19. Whitefoot, Kate S. & Skerlos, Steven J., 2012. "Design incentives to increase vehicle size created from the U.S. footprint-based fuel economy standards," Energy Policy, Elsevier, vol. 41(C), pages 402-411.
    Full references (including those not matched with items on IDEAS)


    Citations are extracted by the CitEc Project, subscribe to its RSS feed for this item.

    Cited by:

    1. Durrmeyer, Isis & Samano, Mario, 2016. "To Rebate or Not to Rebate: Fuel Economy Standards vs. Feebates?," TSE Working Papers 16-732, Toulouse School of Economics (TSE), revised May 2017.
    2. Mathias Reynaert & James M. Sallee, 2016. "Corrective Policy and Goodhart's Law: The Case of Carbon Emissions from Automobiles," NBER Working Papers 22911, National Bureau of Economic Research, Inc.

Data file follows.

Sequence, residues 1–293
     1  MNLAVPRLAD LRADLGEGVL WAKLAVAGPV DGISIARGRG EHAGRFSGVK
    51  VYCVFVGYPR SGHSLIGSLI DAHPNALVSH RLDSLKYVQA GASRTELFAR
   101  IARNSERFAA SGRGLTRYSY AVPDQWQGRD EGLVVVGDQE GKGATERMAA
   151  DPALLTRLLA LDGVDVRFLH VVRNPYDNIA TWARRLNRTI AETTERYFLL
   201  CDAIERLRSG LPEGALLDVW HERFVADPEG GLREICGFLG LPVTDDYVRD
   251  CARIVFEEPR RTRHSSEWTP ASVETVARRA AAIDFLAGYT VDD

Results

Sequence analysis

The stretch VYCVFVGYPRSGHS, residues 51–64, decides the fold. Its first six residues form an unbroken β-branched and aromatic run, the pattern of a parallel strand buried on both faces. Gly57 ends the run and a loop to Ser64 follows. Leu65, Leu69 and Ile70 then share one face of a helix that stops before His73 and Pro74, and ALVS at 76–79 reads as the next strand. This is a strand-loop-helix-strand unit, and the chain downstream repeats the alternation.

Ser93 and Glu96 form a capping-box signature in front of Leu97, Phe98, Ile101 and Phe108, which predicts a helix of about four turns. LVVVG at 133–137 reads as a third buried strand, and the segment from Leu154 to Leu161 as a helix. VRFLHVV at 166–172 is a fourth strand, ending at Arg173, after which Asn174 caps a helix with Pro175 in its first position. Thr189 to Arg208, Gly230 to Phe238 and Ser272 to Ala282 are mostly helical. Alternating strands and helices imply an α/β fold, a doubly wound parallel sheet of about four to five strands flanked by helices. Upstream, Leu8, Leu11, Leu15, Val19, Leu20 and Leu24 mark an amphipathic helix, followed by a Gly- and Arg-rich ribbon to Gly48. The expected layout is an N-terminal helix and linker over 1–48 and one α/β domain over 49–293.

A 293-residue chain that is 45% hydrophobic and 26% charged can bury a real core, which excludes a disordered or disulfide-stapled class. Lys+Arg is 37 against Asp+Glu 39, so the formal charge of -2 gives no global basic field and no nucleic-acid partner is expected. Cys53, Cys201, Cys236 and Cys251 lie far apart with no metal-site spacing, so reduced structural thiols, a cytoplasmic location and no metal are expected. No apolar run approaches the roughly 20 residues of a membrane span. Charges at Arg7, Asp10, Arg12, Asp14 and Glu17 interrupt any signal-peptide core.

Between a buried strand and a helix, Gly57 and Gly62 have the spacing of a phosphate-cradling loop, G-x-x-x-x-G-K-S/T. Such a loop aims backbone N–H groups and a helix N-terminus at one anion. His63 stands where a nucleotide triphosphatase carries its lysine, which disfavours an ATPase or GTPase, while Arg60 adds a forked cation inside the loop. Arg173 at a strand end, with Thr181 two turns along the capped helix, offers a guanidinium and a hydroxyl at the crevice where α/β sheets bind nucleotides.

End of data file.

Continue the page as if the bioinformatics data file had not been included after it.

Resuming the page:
3. Pavan, Giulia, 2017. "Green Car Adoption and the Supply of Alternative Fuels," TSE Working Papers 17-875, Toulouse School of Economics (TSE).
    4. Anna Matas Prat & Josep Lluís Raymond Bara & Jorge Andrés Domínguez Moreno, 2016. "Changes in fuel economy: An analysis of the Spanish car market," Working Papers wpdea1608, Department of Applied Economics at Universitat Autonoma of Barcelona.
    5. Alfonso Leme & Josep-Oriol Escardíbul, 2016. "The effect of a specialized versus a general upper secondary school curriculum on students’ performance and inequality. A difference-in-differences cross country country comparison," Working Papers 2016/16, Institut d'Economia de Barcelona (IEB).